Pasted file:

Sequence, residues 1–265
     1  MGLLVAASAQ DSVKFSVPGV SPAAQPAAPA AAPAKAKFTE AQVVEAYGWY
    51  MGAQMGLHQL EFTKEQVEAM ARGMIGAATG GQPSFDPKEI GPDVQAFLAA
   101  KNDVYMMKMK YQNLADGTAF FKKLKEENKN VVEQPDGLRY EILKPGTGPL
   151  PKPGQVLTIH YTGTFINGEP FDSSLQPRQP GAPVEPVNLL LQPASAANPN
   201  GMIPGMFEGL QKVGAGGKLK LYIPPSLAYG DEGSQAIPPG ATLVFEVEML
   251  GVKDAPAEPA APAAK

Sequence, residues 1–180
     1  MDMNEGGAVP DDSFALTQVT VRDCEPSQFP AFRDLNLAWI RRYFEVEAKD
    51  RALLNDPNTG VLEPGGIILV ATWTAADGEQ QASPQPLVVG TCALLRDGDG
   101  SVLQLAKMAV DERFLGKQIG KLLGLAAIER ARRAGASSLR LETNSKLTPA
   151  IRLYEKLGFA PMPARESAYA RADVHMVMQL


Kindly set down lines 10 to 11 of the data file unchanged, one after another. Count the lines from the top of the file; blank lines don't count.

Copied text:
    51  RALLNDPNTG VLEPGGIILV ATWTAADGEQ QASPQPLVVG TCALLRDGDG
   101  SVLQLAKMAV DERFLGKQIG KLLGLAAIER ARRAGASSLR LETNSKLTPA